Backlash at Facebook’s outsourcing firms policing social media

Employees say they are second-class citizens as legal case is brought against CPL, CCC, Accenture and Majorel

Facebook CEO Mark Zuckerberg leaving The Merrion Hotel in Dublin after a meeting with politicians to discuss regulation of social media and harmful content. (Photo by Niall Carson/PA Images via Getty Images)
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Facebook's decision to  outsource the moderation of users' posts created a bonanza of business concentrated in the Irish capital Dublin, but left a growing legacy of former employees claiming life-changing post-traumatic stress.

The trend to locate the roles of moderators in Ireland led to the emergence of one of the country's greatest business success stories in recent years and Anne Heraty, 60, the woman behind international IT recruitment company CPL, was lauded as a pioneering entrepreneur.

CPL, set up by Ms Heraty in 1989, is a key third-party agent and recruiter for major companies, including Facebook.

Ms Heraty recently reaped £91 million ($128.6m) from the £281m sale of the company and has been at the forefront of Dublin's transformation into a global social media IT centre where Facebook, Google and TikTok populate the city with a cluster of moderation operations.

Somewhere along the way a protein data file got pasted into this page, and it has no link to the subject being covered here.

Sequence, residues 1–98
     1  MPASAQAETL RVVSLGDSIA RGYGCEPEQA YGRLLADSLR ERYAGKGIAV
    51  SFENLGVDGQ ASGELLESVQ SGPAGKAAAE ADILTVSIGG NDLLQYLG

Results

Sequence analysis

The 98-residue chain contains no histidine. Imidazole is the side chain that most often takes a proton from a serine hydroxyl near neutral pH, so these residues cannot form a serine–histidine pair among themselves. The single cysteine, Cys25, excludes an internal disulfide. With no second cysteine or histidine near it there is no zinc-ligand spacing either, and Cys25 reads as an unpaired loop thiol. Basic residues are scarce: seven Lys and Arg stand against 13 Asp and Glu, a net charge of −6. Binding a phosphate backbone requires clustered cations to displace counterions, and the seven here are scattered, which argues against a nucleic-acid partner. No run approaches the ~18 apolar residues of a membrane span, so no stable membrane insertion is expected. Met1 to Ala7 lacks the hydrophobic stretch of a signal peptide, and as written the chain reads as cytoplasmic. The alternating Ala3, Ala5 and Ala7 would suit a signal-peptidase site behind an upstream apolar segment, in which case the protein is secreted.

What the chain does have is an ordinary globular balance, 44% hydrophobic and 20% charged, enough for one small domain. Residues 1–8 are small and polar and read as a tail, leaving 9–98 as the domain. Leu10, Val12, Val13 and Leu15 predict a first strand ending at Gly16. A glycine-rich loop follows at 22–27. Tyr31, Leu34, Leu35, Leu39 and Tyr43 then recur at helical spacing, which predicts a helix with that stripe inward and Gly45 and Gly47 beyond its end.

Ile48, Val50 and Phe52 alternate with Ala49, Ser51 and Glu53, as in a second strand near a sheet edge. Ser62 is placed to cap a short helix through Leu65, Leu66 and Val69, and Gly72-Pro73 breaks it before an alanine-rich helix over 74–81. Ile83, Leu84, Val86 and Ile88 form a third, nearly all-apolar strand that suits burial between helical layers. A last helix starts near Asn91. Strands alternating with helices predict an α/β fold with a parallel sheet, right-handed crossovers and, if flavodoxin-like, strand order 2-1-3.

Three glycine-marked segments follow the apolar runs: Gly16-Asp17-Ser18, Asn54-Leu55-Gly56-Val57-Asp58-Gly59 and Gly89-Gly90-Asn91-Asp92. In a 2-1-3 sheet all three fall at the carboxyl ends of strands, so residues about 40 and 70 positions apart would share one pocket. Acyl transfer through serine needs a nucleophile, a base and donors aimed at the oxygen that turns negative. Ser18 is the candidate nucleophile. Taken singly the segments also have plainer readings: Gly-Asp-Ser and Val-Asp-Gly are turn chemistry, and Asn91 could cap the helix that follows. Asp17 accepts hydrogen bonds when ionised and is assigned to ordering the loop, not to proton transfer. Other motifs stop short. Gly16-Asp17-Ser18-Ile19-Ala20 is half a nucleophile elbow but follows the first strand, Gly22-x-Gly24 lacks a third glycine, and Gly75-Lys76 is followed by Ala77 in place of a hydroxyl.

From growing up in the village of Ballinalee in the Irish midlands and working in her family’s grocery business, Ms Heraty went on to take a degree in mathematics and economics in Dublin. She moved on to selling photocopiers and progressed to recruitment, eventually coining the concept of a dedicated IT-focused agency and creating CPL.

Pic Shows: Witness Anne Heraty at Dublin Circuit Criminal Court yesterday (Wednesday) 05-03-2014. Re: Witness Anne Heraty at court where he gave evidence in the trial of three Anglo bankers who have all pleaded not (NOT) guilty to fraud. Pic: Collins Courts.
Businesswoman Anne Heraty who set up outsourcing firm CPL. Collins Courts.

She now has a lucrative property portfolio, including prestigious venues in Dublin's Merrion Square, where the handsome Georgian parade of houses features the city's plushest addresses. She has featured at business awards events and been pictured with members of the band U2.

But despite her string of successes, her firm has been caught up in controversy surrounding the treatment  of Facebook moderators.

Accusations of a lack of training and support for moderators – who spend hours viewing disturbing online content – have been made in a legal case being brought against CPL and three other firms; CCC, Accenture and Majorel.

2CAANK6 Merrion Square in Dublin Ireland
CPL's headquarters are in Dublin's Merrion Square.